Meanwhile, more alarming news is coming from the “street.” Tetiana Stepanivna, “a plump little woman” (perhaps a friend of the Chubynskys), says that “it has already begun...Crowds are roaming the streets, carrying the tsar’s portrait. I’ve just seen them beating up Sikach, a student, because he didn’t take off his hat to the portrait. I saw him, now without the hat, red, in a torn double-breasted jacket, doubled up and being tossed from one to another, and everyone was beating him. His eyes are so big, red, and mad...I was overcome with terror. I could not watch. And do you know whom I saw in the mob? The people...peasants in gray festive half-coats and high boots, ordinary stately sons of the soil. Among them were people from our village — quiet, calm, industrious ones. I know them because I’ve been teaching for five years in that village. And now I’ve run away from there because they wanted to beat me up — it is the old savage hatred for the master, whoever he is. They destroyed everything in our village. Well, if they had only taken on the rich... But the person I am really sorry for is our neighbor, an old and poor widow. One son is in Siberia, the other in prison. All she has is an old house and a garden. But they destroyed everything, took apart the house brick by brick, chopped down the orchard, and ripped up her sons’ books. She didn’t want to beseech them like others did. Some came outside to see the mob, with icons and babies in hand, knelt in the mud, and implored the peasants for hours, kissing their hands. Those ones were spared.”

This is an illustrative example of how a classic of our Ukrainian literature was able to reproduce the tragedy of the age in just a few lines: we see “the old savage hatred for the master, whoever he is” (this was the main cause of the 1905 and 1917 revolutions, not foreign influence), under tsarist banners, and the real and often cruel and savage face of the people, which Kotsiubynsky, an unimpeachable democrat and humanist, knew only too well.

This raises another, by no means unimportant, question: what stand did those “ordinary stately sons of the soil” in “gray festive half-coats” take; whom did they support during the terrible social upheavals of 1917-21 and in the late 1920s (if they were still alive at the time?). Kotsiubynsky was not only a profound, penetrating, and prophetic artist but also a man of considerable personal courage: during the Black Hundred pogroms in Chernihiv in late 1905, he and his wife Vira raised money among the employees of the Chernihiv Statistics Bureau, where both of them worked, in order to acquire weapons for volunteer units that were providing protection against the Black Hundred mobs. In order to protect the Jews, who were the most vulnerable victims of the pogroms, they formed a peasant force consisting of the residents of Loknyste, near Chernihiv. It would be wrong, therefore, to consider the Ukrainian peasantry of those times, and later, as a united, monolithic, and closely-knit mass: there had been no unity for a long time.

Feeling that his life may be hanging by a thread and unable to overcome his natural fear, Chubynsky searches — and this too is natural — for a person with whom he can share his alarm about his fate and that of his family. He thinks this kind of “living soul” is right here: it is Varvara, the Chubynskys’ housemaid, whom the lawyer sincerely considers his “true friend” and praises her “good character:” “Just think! She only takes a mere three rubles a month” (“She’s been with us for four years,” he adds. “We have gotten used to her, and she to us. And she loves the children.” Tetiana Stepanivna responds, “You are so lucky to have such a fine servant!”).

So it is only natural that in this trying hour Chubynsky wants “to speak sincerely” with none other than Varvara. “Have you heard, Varvara? They are beating the landlords,’ Mr. Valerian said plaintively and was shocked to see Varvara’s ample body twitching, as if she were trying to stifle laughter. Then that laughter suddenly broke through: ‘Ha-ha! Beating? Let ‘em beat! Ha-ha- ha! You’ve been masters long enough...Ha-ha-ha...Praise the Lord, the people have waited a long time for this.”

The picture that Kotsiubynsky recreates is terrible and prophetic: “She (Varvara — Author) could not check the invincible, riotous laughter that was bubbling in her chest and spitting out words, like froth: ‘Ha-ha-ha! Do away with all of them...ha-ha-ha...to the very last one...ha-ha-ha,’ she was almost sobbing.’ That wild roar was jumping around the house, and it was so painful and frightening, as though from a frantic dance of sharp, gleaming and cold knives. That laughter was like a rainstorm of thunderbolts, there was something murderous and lethal in its bursts, which inspired terror.”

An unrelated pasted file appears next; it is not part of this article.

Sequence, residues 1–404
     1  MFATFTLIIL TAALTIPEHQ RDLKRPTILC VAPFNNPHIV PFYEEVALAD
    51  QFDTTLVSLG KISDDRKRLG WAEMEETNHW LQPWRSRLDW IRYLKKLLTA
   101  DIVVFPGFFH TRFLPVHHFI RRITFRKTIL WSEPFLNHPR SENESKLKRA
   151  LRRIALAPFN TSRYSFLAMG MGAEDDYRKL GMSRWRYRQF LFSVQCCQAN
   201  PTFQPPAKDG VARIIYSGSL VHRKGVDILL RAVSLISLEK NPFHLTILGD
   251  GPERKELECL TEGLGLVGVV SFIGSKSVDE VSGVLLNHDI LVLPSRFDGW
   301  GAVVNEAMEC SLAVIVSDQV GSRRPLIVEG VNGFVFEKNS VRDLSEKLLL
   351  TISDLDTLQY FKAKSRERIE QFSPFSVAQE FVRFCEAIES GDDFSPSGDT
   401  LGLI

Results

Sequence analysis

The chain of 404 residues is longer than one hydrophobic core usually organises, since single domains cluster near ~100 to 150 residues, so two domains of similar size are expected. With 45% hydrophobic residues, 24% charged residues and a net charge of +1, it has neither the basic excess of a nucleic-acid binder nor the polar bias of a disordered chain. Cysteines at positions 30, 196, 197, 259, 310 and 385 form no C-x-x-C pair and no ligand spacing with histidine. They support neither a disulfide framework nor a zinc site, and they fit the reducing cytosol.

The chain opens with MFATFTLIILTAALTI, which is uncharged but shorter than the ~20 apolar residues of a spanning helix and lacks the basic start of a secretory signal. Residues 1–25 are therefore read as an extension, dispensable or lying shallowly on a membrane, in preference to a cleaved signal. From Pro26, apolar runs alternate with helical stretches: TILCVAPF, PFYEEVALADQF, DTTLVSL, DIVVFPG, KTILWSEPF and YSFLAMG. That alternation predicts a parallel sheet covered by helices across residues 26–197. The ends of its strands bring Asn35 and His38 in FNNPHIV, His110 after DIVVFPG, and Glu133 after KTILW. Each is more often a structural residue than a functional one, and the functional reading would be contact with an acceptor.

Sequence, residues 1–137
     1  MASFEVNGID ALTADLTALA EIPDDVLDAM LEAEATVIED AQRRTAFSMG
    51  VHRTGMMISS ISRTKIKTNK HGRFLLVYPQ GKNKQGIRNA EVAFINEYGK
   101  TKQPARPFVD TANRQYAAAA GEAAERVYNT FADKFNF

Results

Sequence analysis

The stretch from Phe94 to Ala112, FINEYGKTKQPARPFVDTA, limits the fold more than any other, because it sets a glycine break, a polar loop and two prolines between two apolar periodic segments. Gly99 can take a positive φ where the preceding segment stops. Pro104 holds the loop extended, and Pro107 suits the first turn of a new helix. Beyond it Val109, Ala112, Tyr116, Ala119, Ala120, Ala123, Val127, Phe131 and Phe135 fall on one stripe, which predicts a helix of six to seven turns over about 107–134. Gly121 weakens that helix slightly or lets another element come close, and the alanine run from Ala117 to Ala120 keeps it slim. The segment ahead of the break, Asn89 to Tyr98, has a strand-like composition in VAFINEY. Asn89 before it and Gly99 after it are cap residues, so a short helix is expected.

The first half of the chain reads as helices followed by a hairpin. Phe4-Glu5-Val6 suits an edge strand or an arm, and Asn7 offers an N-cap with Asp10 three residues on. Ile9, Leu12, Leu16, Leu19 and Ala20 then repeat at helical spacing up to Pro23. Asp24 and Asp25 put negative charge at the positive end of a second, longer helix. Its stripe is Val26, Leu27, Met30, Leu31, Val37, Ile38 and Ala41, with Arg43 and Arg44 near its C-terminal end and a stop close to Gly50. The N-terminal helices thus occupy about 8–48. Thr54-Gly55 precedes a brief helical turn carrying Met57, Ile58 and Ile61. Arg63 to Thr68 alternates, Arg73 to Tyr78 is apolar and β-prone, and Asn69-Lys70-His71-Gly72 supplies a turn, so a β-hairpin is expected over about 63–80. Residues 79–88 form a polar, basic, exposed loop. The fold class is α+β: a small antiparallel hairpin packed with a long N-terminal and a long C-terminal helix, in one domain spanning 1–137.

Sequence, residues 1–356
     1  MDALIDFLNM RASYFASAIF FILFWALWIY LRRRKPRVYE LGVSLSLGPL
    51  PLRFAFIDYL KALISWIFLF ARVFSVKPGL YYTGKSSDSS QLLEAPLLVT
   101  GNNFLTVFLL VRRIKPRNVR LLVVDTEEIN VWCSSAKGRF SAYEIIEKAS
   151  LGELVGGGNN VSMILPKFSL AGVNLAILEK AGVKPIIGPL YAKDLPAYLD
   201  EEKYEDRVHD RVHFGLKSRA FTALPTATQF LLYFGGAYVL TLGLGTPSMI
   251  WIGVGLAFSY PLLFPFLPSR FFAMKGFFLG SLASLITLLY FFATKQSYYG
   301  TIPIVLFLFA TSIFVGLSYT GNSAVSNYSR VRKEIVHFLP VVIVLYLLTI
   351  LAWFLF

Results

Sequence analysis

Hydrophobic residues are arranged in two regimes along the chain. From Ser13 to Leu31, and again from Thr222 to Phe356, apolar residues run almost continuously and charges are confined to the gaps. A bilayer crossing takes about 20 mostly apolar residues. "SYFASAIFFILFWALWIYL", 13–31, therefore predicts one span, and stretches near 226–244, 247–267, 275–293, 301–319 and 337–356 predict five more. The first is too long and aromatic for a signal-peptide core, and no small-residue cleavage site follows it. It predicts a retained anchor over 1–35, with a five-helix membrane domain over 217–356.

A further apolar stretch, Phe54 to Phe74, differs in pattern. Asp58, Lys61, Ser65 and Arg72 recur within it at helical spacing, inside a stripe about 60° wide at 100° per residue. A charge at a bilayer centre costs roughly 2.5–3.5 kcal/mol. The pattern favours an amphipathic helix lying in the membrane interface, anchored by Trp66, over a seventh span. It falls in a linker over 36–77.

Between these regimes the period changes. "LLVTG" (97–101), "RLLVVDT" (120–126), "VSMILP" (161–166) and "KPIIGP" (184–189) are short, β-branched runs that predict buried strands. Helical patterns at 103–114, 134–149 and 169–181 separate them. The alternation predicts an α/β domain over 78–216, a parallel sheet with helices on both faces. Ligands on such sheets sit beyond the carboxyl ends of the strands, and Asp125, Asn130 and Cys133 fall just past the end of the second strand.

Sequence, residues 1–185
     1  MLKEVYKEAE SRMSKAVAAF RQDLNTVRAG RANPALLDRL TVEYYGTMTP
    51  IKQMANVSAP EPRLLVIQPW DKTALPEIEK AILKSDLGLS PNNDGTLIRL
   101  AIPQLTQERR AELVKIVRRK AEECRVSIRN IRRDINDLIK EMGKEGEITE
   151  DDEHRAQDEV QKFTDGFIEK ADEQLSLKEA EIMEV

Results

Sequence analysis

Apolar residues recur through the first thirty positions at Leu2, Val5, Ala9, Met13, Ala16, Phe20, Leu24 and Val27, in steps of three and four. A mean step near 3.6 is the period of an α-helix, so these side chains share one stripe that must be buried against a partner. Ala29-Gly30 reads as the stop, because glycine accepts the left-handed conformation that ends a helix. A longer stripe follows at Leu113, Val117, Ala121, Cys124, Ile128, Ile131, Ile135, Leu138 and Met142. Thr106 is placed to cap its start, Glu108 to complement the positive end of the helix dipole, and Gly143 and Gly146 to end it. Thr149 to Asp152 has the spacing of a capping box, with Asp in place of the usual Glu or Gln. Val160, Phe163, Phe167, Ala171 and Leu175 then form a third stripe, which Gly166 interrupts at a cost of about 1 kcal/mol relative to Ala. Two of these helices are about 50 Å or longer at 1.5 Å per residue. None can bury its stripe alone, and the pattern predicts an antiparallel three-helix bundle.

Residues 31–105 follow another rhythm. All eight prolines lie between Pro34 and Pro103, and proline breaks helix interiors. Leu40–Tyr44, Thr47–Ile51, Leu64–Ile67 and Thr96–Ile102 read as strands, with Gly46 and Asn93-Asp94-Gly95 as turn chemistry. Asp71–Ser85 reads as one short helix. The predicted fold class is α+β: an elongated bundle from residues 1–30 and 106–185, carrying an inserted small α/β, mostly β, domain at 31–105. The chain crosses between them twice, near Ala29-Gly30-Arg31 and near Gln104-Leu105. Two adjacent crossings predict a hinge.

This horror somewhat diminishes in the novella’s subsequent paragraphs, where the author gives a rational and convincing explanation of Varvara’s “sudden” and virulent hatred for the “lords.” Chubynsky, whose bespectacled “myopic eyes” (Kotsiubynsky deliberately focuses our attention on this detail) suddenly become “frightened, sharp, and unusually penetrating” (this is the price of insight), “saw what he had passed by every day, like a blind man, bare feet, cold, red, dirty and fissured, like an animal’s. A threadbare coat on her shoulders, which gave no warmth. A sallow complexion, blue circles under her eyes. A bluish haze in the kitchen, the hard bench on which she slept, barely covered, among the slops, dirt, and fumes. Like in a den. Like a beast. Her wasted strength that had been given to others. A wretched, squalid life, like in a yoke. And he expected friendliness from her!”

Dogmatic Soviet-era Kotsiubynsky research claimed that “Laughter” “exposes the inability of abstract humanism to resolve the deep-rooted contradictions of society as well as the awakened insight of its bearers, when they encounter real life.” But Soviet researchers skirted the question of the price of this insight: after all, people like the lawyer Chubynsky, who spoke at public rallies, could not even imagine the true horror of the volcano of popular wrath and hatred for the “masters,” and so it is not important who beats them — a Black Hundred mob or those who, 13 years later, did the job much more skillfully. Our prominent contemporary, Academician Ivan Dziuba, citing the testimony of Kotsiubynsky’s female acquaintance Pereida Berezniak, absolutely correctly posits the question in an entirely different plane: the writer regarded “Laughter” not as a satire on the Chubynskys but a drama of all the Chubynskys who speak out at rallies against despotism, defending the rights of the laboring people, yet at the same time exploit people in their own homes without even noticing this.

Kotsiubynsky would not have been a great writer whose works have retained all their artistic, esthetic, cognitive and prophetic value to this day if he had not understood a fundamental truth: it is impossible to mock history (even though the impression may be that he managed to do just this). History itself laughs at cynical “jokers,” and it laughs last.

By Ihor SIUNDIUKOV, The Day